political banquet in the town's history
408 people has turned out to hear
"the honored guest" who wears a white
It is, one senses, a concession. On
his way in he shakes hands with only
three people, and there are none of
the normal political embraces. He has
rested during the afternoon, and after
the speech he is to return to the St.
Johnsbury House for more rest.
The next day being Sunday, he will
rest as a matter of course. He refuses
, questions from two local reporters,
saying he "may have a press release
during the next few days."
The speech would be called low-key
It tt were delivered before a convention
of embalamers. He departs from it to
say that he is so far ahead of his
opponent, former Gov. Phil Hoff, that
"I will win, even if I lose all the un
It is the old politics of he old Ver
running for office, but Prouty is not
really running. A plump, middle-aged
lady with the Vermont housewife's
slightly flushed face unconsciously ex
. plains what he is doing. "We were all
so glad," she says, "when Sen. Prouty
decided to stand for office again.
It's the old politics of the old Ver
mont, and Robert Frost, if he were
alive, might detect that the failure of
the ladies personally to prepare the
banquet is the only major change from
the days of Ralph Flanders and Warren
A few miles up the road in Newport,
a town largely built by the Prouty mills,
an entirely different politics is at work.
The handsome Phil Hoff has brought
in still another outsider, Democratic Sen.
Mike Graveil of Alaska, to praise him.
The crowd is young, with just a sprinkl
ing of that familiar and aging type,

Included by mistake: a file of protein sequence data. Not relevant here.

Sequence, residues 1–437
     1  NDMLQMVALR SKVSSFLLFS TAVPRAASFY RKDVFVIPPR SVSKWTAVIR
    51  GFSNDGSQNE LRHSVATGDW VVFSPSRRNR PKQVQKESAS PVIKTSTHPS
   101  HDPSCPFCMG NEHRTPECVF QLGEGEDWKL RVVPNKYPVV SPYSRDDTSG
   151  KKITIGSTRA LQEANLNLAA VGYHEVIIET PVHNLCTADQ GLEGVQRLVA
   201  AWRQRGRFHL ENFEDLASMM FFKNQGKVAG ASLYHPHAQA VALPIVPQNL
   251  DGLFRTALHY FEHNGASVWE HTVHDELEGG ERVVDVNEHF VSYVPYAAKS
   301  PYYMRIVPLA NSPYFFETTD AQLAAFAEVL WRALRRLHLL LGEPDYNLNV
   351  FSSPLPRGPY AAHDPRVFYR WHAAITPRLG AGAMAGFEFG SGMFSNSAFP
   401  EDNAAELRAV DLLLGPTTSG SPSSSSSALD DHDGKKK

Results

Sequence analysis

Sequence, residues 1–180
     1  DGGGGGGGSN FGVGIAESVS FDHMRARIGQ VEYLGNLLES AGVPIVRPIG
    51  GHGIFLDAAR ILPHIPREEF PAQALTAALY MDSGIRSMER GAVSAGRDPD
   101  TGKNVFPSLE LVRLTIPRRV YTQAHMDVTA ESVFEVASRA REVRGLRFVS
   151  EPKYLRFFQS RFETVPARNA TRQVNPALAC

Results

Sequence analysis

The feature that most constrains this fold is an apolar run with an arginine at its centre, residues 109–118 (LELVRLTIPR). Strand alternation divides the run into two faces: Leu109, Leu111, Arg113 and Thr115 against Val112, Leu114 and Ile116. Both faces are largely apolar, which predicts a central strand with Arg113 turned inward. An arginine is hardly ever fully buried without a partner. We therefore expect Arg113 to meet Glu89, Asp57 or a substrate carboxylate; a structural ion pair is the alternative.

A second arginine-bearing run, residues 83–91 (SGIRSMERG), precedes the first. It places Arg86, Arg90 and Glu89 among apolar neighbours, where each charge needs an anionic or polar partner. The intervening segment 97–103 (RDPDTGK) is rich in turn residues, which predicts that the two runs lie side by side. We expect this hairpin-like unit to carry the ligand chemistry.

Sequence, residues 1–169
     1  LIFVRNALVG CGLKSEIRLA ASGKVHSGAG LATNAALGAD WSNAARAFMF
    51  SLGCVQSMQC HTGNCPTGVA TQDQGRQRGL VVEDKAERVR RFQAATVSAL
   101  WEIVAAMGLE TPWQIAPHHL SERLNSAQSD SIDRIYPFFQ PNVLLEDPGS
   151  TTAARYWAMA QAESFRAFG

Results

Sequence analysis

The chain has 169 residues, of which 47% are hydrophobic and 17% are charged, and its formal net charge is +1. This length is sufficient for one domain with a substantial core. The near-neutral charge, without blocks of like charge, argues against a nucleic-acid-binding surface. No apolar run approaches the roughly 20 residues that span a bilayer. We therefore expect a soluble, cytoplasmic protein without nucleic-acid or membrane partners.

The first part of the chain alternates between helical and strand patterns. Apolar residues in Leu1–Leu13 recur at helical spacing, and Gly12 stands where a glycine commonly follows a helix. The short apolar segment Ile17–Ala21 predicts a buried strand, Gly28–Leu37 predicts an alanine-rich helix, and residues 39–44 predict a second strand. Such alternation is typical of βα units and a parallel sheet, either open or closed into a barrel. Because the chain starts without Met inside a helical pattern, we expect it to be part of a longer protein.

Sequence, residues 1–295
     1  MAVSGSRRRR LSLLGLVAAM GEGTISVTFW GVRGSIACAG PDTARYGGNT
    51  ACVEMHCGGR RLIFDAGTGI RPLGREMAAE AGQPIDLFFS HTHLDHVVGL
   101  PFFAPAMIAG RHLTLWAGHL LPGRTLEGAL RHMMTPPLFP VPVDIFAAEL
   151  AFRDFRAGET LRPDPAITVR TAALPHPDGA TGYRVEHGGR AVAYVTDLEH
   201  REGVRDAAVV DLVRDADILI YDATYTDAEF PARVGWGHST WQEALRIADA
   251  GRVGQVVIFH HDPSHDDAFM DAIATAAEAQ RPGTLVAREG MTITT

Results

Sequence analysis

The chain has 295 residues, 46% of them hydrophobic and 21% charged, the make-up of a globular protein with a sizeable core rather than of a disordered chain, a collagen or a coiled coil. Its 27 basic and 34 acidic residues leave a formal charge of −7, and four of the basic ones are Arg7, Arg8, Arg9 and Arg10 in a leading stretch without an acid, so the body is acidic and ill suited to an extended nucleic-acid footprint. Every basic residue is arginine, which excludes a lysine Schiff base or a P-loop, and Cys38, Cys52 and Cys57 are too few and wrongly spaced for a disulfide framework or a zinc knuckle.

the "aginer" who in Vermont once made
up the minuscule Democratic Party.
The oratory is of change and of the
future. It is heavy on economics, and
there are many references to the poor
who are plentiful and whom Hoff may
bring out to vote for the first time.
After the speaking, there is a jig to
violins. The young people are bright,
clipped, informed and enthusiastic.
In three campaigns for governor, Hoff
has created a viable Democratic Party
by attracting Republicans tired of
representatives who "stood" and anxious
to do something.
Hoff did a lot. He gave Vermont its
first highway system, its first respec
table social programs. Its first drive
for tourism. He so turned the state
around that it even began to grow in
But he may have done too much,
and he may be doing too much.
Vertnonters admire both deed and effort,
but not when they show.
The list of luminaries he has brought
in to campaign may be a little showy. -His
honest admission that -he once had
a drinking problem an admission
dismissed in other states as human is
in Vermont embarrassing instead. .
A victory for Hoff would add a bright .
star to the Senate and give his state
a national figure of intelligent activism.
But Vermont, being Vermont, changes
slowly, and in the past those wno stand
for office usually win. v
FRIDAY, OCTOBER 30, 1970